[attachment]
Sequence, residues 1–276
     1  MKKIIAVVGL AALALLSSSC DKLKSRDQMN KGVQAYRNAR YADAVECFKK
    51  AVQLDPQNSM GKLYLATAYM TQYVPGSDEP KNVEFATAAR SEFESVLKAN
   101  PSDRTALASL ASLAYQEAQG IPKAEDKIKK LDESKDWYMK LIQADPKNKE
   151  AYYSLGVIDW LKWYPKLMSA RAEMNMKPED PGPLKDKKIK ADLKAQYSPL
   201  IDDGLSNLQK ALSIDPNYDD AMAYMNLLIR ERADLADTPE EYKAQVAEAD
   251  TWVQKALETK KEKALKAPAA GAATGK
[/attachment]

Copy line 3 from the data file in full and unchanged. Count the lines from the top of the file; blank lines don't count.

    51  AVQLDPQNSM GKLYLATAYM TQYVPGSDEP KNVEFATAAR SEFESVLKAN